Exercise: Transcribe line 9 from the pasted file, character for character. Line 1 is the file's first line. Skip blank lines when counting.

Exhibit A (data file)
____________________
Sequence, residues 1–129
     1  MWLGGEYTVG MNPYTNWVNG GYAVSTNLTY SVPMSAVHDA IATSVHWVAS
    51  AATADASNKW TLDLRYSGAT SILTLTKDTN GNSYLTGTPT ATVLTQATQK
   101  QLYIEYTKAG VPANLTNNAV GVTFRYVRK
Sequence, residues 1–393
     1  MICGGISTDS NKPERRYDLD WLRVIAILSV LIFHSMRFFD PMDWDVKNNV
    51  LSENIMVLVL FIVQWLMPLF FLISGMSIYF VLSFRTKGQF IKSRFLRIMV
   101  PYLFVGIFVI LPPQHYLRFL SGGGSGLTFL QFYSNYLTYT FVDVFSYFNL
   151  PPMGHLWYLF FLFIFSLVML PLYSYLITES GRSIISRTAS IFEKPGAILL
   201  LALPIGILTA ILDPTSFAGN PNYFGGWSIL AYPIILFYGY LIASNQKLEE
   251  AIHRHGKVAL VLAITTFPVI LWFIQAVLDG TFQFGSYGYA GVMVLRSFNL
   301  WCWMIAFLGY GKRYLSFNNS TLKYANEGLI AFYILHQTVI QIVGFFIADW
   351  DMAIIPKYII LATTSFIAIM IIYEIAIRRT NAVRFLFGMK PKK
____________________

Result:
   151  PPMGHLWYLF FLFIFSLVML PLYSYLITES GRSIISRTAS IFEKPGAILL